Eason Eige has been painting the same subject for six years. Like many artists, he has expressed his fascination with, and perception of, his muse in series after series. But what makes Eige a bit different from the others is that his model isn’t a person. It’s a cactus. Specifically, it’s the prickly pear growing in front of San Felipe de Neri, the church in Old Town’s plaza. When the Alibi called to learn more about The Black Series, his upcoming show at the Bright Rain Gallery, Eige was at home, working on a painting he started in front of the church the day before.
Little surprises around every corner, but nothing dangerous
By Summer Olsson
Upon entering the Stranger Factory, three distinct areas of well-laid-out eye candy unfold before you. Carefully placed paintings and prints decorate the white walls, and plenty of natural light washes over displays of toys and figurines. Brandt Peters, who co-owns Stranger Factory with his wife, Kathie Olivas, says they decorate the shop as they do their home. “We show how you can actually put your own collection together,” he says. They salvage furniture, shelves and other recyclable cool stuff to mix in with the art pieces.
Southern California artist Martin Facey is fascinated by life and the forces that come together to create it: light, time, humidity, heat. In his new series of paintings, Pluck, he explores the fragility and interconnectedness of life, primarily through the image of the seed. And these are some big kernels. Facey used paint, fiberglass, fabric and other materials to construct the works that fill Bright Rain Gallery. A professor of art and art history at UNM for 20 years, Facey has a piece in the Albuquerque Museum of Art and History's collection and three in the permanent collection of the University of New Mexico Museum. See the seeds revealed while pecking at hors d'oeuvres on Saturday from 4 to 8 p.m.
Sounds like the same old story: Yet another weary traveler, lured into the sandy valley of the Sandias, finds it impossible to leave. However, artist and Small Engine Gallery co-operator Lucas Hussack's new series, New Mexico in Five Years in a Hundred Pieces, explores how the land of entrapment provided the perfect backdrop for some of the most colorful experiences of his life.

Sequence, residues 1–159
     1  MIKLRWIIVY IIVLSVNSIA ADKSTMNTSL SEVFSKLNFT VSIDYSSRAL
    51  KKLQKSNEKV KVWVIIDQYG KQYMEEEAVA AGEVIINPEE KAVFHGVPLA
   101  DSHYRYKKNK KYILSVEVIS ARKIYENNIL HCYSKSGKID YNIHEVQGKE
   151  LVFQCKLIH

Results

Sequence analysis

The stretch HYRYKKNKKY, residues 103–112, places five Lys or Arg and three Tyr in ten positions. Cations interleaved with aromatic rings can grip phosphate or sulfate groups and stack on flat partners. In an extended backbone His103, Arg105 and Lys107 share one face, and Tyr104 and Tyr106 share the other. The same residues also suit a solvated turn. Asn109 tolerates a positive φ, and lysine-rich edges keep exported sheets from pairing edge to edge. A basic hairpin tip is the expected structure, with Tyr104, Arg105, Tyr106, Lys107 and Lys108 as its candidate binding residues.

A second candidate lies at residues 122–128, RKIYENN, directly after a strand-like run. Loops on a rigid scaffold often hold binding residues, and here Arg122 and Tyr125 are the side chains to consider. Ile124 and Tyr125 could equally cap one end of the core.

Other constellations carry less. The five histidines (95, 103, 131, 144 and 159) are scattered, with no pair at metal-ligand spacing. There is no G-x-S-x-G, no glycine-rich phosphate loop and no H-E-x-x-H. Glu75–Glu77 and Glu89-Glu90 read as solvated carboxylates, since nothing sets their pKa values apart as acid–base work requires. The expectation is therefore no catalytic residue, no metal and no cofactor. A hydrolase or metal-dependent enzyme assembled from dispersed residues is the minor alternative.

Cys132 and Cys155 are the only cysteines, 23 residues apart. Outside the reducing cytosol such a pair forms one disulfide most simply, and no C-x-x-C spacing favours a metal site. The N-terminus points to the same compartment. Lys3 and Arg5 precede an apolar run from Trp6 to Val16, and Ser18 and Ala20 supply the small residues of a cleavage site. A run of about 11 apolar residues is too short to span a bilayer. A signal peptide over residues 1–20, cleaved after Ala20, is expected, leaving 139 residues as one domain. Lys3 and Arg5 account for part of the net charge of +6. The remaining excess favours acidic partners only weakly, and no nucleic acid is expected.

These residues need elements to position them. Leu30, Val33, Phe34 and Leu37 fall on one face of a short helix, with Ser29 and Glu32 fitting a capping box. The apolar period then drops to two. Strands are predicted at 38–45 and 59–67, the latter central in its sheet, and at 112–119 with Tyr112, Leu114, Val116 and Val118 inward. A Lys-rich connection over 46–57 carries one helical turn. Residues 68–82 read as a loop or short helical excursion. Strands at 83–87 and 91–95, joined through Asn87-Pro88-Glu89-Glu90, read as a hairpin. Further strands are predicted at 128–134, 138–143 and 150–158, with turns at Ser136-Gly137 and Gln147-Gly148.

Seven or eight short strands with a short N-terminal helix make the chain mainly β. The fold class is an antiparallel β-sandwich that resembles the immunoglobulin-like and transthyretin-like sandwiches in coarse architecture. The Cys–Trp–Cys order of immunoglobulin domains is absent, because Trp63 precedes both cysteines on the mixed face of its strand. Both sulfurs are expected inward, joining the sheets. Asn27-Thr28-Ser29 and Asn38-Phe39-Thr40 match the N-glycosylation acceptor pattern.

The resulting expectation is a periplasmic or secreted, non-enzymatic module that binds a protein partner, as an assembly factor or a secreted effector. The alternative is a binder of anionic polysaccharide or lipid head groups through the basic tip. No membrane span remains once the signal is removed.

Our city is home to topnotch artists. See and hear all kinds of them tonight in this jubilee of disciplines. There will be eye candy by more than 12 visual artists, a handful of poets to woo you with words and aural pleasure by at least six musicians. “Visuals” is also on the list of entertainment, so expect some projections. This is the first evening of what will be a monthly showcase of local artists. Go and support the event so it keeps happening.
Tonight! Get out of work and head over to Creative Albuquerque (115 Fourth Street NW) for an art opening and reception with food and drinks. This is a group show by the talented students from UNM Arts 487: Interdisciplinary Portfolio Class. With the support of their instructor, Patrick Manning, the students have orchestrated this entire exhibition -- from work selection and installation, to publicity and reception planning. The artworks range from photography, to sculpture to painting and DJ Machina is in the house.
Once upon a time, in a museum far, far away, I had my iPod on random. I wandered through galleries listening to Genesis P-Orridge gently sing into my ears until, suddenly, a man spotted a Monet. His excitement was so infectious I followed him over to one of Monet’s “Water Lilies.” Without notice, the track ended, and my world was forever changed.
’Round these parts we like our Idiot Box ... well, idiotic. Education and art don’t usually factor into it when you’re confined to a steady diet of “E! True Hollywood Story,” “When Animals Attack” and “Cheaters.” Occasionally, though, we must all expand our horizons and admit that even TV is capable of delivering a little beauty into our lives.